It actually works every single day in every major metropolitan area in America. It’s just a de facto law, not de jure. Maybe you don’t live in a concentrated population area? Cause I ride it every day and Idaho Stop is the rule, not the exception, and it’s working great.

  • Morgan Fitzgibbons

    Decent point. It’s a pipe dream anyway. Probably the best hope is for police to de-emphasize it. Still, a large percentage of the bigotry directed at cyclists stems from this perception that cyclists are scofflaws because they don’t follow a law that was never designed for them. Righting this wrong would go a long way towards helping the image of the cycling community.

  • skellener

    While I do think eBikes can be a great benefit for people who otherwise wouldn’t ride a bike, I do worry that there can be abuse with them. Just as a lot of people don’t want to see them on the trails, I think allowing them onto bike paths with pedestrians and human powered bikes could be a mistake. Human power tends to keep most riders away from sustained speed that could lead to an accident (I know some people ride much faster) especially on a bike path. While I don’t think a ban on eBikes is necessary, I do think proper training for use in areas with other riders and pedestrians might be a good idea. I know there can be bad apples that ride unsafe even with human powered bikes, but I think there might be more temptation for abuse with a motorized one, basically the same as trail riding with eBikes. Responsibility on whatever you ride is always a key factor.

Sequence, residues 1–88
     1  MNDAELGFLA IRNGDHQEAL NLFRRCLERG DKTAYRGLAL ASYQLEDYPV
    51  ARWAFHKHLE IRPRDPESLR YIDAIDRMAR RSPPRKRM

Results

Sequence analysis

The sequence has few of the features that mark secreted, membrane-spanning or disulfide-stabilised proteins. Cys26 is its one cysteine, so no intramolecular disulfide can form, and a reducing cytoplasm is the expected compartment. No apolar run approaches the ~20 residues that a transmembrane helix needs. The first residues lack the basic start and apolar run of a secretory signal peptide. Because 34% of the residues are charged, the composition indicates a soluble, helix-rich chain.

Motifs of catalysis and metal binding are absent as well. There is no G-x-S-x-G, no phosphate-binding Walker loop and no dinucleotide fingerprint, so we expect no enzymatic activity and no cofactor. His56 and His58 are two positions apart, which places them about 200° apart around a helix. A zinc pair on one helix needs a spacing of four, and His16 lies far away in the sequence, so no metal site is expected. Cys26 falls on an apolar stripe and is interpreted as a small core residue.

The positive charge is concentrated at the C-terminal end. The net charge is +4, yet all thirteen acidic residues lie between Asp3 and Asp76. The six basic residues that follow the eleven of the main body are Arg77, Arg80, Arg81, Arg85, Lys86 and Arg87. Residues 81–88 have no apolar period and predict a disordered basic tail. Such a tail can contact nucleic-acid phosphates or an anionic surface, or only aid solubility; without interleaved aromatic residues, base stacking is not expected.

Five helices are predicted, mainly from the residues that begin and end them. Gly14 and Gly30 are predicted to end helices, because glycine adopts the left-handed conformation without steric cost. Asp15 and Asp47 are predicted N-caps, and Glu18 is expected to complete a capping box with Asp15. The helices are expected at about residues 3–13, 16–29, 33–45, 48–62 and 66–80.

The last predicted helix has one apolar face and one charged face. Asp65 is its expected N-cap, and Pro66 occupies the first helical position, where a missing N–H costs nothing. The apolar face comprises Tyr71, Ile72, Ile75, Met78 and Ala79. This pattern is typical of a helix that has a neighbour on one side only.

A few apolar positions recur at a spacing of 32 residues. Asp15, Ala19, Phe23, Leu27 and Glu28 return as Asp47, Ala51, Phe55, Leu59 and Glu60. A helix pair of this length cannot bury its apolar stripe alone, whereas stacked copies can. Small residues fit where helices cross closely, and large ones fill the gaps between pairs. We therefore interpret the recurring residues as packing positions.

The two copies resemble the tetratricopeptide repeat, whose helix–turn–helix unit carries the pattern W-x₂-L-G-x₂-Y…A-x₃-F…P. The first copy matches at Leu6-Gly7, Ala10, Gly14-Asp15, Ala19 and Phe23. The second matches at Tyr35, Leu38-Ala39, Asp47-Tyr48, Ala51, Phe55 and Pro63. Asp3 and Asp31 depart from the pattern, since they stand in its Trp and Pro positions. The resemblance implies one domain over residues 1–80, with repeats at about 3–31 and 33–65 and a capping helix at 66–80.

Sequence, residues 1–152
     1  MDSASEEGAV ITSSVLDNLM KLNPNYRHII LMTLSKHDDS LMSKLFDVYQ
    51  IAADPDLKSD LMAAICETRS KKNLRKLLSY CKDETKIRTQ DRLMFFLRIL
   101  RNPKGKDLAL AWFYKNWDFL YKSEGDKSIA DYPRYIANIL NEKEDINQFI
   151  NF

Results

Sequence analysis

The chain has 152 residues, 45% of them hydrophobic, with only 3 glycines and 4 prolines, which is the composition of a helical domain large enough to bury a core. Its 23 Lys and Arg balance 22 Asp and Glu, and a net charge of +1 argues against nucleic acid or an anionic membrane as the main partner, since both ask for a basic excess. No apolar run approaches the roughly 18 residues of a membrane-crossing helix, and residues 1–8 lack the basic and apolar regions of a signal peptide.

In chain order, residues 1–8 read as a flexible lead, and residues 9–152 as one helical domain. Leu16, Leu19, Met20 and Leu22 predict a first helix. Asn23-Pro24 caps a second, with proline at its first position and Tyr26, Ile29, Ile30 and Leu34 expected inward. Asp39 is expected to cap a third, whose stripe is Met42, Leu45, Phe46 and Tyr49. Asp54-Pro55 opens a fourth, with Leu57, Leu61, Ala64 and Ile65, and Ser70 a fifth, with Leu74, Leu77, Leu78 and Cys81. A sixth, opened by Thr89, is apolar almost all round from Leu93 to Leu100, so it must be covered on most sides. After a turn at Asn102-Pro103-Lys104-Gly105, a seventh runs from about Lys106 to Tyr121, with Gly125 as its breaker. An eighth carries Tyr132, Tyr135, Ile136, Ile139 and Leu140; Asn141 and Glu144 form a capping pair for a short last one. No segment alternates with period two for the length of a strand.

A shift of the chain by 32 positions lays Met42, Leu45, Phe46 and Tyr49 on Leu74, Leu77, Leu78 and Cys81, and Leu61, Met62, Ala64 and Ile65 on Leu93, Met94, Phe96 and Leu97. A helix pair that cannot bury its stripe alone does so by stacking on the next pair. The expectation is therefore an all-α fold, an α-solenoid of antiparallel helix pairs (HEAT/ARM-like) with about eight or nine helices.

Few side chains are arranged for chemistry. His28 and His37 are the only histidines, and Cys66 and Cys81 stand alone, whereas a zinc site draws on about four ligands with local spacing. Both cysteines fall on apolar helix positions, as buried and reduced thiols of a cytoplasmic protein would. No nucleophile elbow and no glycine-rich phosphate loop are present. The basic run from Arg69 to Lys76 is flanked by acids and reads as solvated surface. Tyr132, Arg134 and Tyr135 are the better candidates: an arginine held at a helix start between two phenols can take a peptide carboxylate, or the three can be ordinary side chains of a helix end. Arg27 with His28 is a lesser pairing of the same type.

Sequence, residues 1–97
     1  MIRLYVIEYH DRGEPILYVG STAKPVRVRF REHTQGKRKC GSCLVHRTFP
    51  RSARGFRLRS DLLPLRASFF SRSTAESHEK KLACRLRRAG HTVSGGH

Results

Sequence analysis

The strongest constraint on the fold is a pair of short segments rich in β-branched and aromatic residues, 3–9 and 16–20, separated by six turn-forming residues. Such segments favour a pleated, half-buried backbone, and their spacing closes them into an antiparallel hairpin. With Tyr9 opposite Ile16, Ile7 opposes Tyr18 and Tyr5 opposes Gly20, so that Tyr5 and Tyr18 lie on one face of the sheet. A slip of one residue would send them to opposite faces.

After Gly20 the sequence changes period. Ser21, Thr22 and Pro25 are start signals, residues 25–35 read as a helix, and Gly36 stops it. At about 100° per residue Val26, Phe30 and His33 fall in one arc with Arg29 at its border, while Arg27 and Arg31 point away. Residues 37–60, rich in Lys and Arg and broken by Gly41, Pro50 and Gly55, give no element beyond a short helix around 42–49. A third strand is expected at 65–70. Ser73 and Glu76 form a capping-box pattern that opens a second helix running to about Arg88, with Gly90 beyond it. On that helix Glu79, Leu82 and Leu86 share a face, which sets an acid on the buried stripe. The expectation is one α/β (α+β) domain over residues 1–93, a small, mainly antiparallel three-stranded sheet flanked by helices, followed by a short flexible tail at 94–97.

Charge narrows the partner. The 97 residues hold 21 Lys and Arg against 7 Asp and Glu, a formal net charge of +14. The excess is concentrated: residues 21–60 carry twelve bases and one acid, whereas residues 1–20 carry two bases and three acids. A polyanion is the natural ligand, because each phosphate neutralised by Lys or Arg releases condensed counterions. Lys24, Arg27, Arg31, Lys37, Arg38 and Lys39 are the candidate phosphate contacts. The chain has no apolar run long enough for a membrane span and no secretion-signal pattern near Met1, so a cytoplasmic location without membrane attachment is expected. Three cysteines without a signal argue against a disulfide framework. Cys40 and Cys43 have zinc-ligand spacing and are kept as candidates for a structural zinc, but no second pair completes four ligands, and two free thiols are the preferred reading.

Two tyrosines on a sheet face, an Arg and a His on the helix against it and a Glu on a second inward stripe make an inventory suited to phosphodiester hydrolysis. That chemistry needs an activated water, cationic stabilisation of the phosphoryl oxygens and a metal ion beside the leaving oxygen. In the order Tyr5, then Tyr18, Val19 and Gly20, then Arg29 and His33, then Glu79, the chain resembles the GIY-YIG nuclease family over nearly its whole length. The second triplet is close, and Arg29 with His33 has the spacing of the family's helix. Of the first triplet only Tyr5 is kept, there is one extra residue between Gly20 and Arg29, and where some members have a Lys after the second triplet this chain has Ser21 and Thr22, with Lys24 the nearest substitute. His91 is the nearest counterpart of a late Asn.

• Gezellig

    Btw, just read this!

    Looks like Davis might end up being the first American community to do one:×1024.jpg

    Though they’re also considering a grade-separated approach for this particular area, too. Either way, I think the fact that an American city is actually at least finally considering this as an option is a major step. And if Davis doesn’t do it there, they’ll probably eventually do it elsewhere (as the article states, an expensive grade-separated crossing is possible there due to the adjacent development, but this will not be the case for many intersections in built-up areas with 4-way intersections, for which the Dutch 4-way approach is much cheaper).

    If this happens I’ll totally hop on the train from SF to Davis with my bike and go test it out. That’d be awesome! And proof this can actually happen in the US.

  • Commenter_X

    One of the changes proposed to the 406(b) definition last year, which thankfully for me did not pass even though I do believe in increasing e-bike access, was to change the definition from a pedal powered vehicle to one with two or three wheels *ONLY*.

    As a person who rides a quad conversion from a trike, eliminating my exiting vehicle from the 406(b) definition would be a massive loss with absolutely zero positive impact on safety or anything else – there’s no reason you need to restrict the definition to bikes and trikes only as long as the vehicle has fully operative pedals for propulsion, just as the current definition says.